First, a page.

RFC - Uniswap V3 Deployment to Fantom

Proposal Summary

Blockchain@Columbia, in conjunction with the Fantom and Axelar Team, are proposing to deploy Uniswap V3 on Fantom Chain. Given the BSL expiry, it is crucial for Uniswap to establish market share in other ecosystems. Deployment on Fantom would be beneficial to both Uniswap and Fantom.

Overview of Fantom

Fantom Chain is a highly scalable and secure smart-contract platform designed to enable rapid deployment of dApps. Powered by its unique Directed Acyclic Graph framework and an advanced consensus mechanism, Fantom offers fast, secure, and low-cost transactions. Its innovative architecture, combined with its developer-friendly ecosystem, attracted numerous projects and developers, making Fantom a leading choice for DeFi and other decentralized solutions. The platform’s commitment to innovation and constant improvement has positioned Fantom Chain as a prominent player in the blockchain industry.

Fantom Chain’s dedication to the Ethereum ecosystem is evident in its interoperability efforts, developer resources, and focus on driving the growth of decentralized finance. Fantom is designed to be EVM compatible, allowing developers to seamlessly port and deploy their existing Ethereum dApps on the Fantom Chain. This compatibility, coupled with Fantom’s lower transaction costs and faster confirmation times, has attracted numerous Ethereum-based projects to expand and optimize their operations on Fantom. The Fantom team is also committed to fostering collaboration with Ethereum through Axelar Network to enable smooth asset transfers within the two ecosystems. By providing an environment that supports and enriches the Ethereum ecosystem, Fantom plays a crucial role in driving the broader adoption and advancement of blockchain technology. We are convinced that deploying Uniswap v3 on Fantom Chain offers numerous advantages to both Uniswap Labs and its users.


As an industry leader, Uniswap has established a strong presence in the DeFi space. In order to maintain its competitive edge, Uniswap must continue to adapt and expand its reach to other blockchain networks. This proposal aims to deploy Uniswap on the Fantom chain using Axelar, a decentralized interoperability platform that connects multiple blockchain ecosystems. This strategic move will capitalize on current market opportunities and strengthen Uniswap’s position in the DeFi landscape.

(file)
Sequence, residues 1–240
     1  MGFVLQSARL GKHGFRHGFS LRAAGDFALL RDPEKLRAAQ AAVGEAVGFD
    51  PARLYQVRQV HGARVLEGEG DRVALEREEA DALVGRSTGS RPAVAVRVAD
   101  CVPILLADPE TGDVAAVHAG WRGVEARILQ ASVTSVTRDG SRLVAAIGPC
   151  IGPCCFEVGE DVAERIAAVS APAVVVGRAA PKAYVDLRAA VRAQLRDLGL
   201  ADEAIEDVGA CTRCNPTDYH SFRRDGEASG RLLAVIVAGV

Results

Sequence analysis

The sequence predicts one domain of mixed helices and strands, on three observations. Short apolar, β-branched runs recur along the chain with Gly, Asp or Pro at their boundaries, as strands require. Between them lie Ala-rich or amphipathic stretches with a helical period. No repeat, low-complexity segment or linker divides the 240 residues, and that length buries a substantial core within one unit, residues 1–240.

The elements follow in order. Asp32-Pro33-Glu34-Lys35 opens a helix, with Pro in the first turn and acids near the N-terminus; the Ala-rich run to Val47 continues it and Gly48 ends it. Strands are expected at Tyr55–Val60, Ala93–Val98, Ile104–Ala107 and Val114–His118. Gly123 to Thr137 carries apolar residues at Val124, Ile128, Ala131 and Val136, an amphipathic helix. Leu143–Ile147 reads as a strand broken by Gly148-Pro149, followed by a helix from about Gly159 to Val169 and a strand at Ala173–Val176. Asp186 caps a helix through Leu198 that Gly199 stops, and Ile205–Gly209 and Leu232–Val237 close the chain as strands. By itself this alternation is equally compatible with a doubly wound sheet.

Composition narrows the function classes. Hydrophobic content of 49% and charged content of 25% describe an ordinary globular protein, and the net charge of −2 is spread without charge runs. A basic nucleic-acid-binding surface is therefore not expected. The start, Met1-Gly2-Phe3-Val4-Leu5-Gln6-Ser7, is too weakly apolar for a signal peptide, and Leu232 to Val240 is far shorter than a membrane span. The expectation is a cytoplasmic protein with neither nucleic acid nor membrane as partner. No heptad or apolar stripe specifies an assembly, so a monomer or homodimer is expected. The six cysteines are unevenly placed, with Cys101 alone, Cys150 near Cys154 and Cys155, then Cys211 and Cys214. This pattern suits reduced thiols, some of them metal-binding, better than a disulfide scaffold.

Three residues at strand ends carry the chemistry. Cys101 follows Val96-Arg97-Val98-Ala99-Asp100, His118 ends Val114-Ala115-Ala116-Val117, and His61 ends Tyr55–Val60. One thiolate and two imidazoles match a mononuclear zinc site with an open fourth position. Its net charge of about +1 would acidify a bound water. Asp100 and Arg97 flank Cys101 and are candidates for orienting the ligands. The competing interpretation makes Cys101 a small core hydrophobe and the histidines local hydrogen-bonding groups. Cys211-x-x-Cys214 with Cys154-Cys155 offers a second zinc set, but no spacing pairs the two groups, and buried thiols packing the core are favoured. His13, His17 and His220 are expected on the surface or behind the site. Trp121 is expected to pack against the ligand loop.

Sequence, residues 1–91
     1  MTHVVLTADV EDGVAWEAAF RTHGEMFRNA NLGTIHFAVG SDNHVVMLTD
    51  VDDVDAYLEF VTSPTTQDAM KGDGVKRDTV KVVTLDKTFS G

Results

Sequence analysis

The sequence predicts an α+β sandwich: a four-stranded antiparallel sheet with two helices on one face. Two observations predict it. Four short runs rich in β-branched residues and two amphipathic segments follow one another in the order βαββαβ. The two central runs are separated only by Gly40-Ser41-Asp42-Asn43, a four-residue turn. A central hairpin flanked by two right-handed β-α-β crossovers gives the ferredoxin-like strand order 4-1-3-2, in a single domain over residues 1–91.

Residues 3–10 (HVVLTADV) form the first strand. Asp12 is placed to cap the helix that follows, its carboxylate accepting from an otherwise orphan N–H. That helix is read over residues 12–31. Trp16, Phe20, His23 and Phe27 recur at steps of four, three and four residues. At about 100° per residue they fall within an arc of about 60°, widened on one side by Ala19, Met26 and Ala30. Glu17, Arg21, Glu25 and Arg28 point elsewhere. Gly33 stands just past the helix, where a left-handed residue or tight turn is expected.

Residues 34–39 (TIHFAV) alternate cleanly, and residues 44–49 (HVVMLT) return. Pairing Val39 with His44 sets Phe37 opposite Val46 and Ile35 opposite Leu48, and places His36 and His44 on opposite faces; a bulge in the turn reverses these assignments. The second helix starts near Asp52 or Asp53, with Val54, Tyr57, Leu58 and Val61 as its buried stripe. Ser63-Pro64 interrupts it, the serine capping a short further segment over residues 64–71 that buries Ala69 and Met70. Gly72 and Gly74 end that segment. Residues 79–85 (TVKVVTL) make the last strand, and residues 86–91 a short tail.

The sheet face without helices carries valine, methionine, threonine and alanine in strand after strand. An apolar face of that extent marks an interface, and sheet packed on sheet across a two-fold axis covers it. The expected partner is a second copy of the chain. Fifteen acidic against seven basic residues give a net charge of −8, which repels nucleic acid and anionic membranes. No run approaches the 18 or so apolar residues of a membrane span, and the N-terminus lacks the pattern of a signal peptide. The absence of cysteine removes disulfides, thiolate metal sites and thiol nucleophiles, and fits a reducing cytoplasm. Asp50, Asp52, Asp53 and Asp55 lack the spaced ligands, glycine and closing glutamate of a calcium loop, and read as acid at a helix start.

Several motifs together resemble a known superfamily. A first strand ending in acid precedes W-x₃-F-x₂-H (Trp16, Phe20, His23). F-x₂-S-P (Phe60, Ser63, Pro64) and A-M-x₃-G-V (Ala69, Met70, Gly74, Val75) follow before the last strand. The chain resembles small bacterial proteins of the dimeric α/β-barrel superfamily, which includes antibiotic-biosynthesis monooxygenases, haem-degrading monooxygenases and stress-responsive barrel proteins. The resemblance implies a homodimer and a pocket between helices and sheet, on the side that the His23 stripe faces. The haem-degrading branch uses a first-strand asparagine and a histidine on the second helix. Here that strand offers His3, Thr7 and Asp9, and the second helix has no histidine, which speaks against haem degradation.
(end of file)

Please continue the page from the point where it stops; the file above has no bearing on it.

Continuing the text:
With the expiry of the Uniswap v3 BSL, other DEXs including Beethoven X, are eyeing the opportunity to seize market share on the Fantom chain. In order to stay ahead of the competition, Uniswap must establish its presence on Fantom quickly and efficiently.

Expiry of BSL has created a window of opportunity for other protocols to utilize the V3 design for their own benefit. This could lead to the emergence of potentially unsafe forks in ecosystems where Uniswap is currently absent. By deploying Uniswap on the Fantom chain, we can capture this opportunity and mitigate the risk of unsafe forks, while also expanding Uniswap’s reach to new users and markets.

Echoing the Cross-chain Bridge Assessment Process post made by the Axelar team, Blockchain@Columbia supports Uniswap deployment on Fantom with Axelar Network as the bridge infrastructure provider for a number of reasons.

  1. The Axelar Network boasts a decentralized Proof of Stake protocol, multiple layers of security features, and the ability to further customize security for Uniswap, if needed. This ensures a robust and secure bridge solution for Uniswap governance.
  2. Axelar Network is reliable and has capacity to handle large-scale projects. The Axelar Network has been live for over a year, integrating more than 30 chains with 70 validators through its stack, processing over $1.8 billion in volume, and integrating with major DEXs, wallets, L1/L2, stablecoins, and other projects in the industry. Axelar Network’s cross chain metrics are available at https://axelarscan.io/.
  3. Axelar offers customization options for Uniswap, such as non-upgradable contracts, or contracts governed by Uniswap delegates or UNI token holders. Additionally, Axelar’s network can be upgraded following delegated proof-of-stake consensus, ensuring continuous improvements and adaptability.
  4. Axelar’s General Message Passing capability enables developers building on one chain to call any function on any other connected chain, ensuring complete composability across Web3.